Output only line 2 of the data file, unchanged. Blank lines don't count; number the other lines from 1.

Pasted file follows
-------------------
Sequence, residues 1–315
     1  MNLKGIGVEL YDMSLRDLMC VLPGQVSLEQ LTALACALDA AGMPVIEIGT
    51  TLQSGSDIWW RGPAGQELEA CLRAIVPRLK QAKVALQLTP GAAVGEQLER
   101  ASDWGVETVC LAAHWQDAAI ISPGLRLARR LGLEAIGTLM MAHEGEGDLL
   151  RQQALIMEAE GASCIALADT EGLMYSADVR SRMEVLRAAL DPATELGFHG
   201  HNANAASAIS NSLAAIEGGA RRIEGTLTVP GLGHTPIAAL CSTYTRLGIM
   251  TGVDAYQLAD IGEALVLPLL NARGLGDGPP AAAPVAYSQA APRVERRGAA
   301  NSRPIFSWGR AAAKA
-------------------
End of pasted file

     1  MNLKGIGVEL YDMSLRDLMC VLPGQVSLEQ LTALACALDA AGMPVIEIGT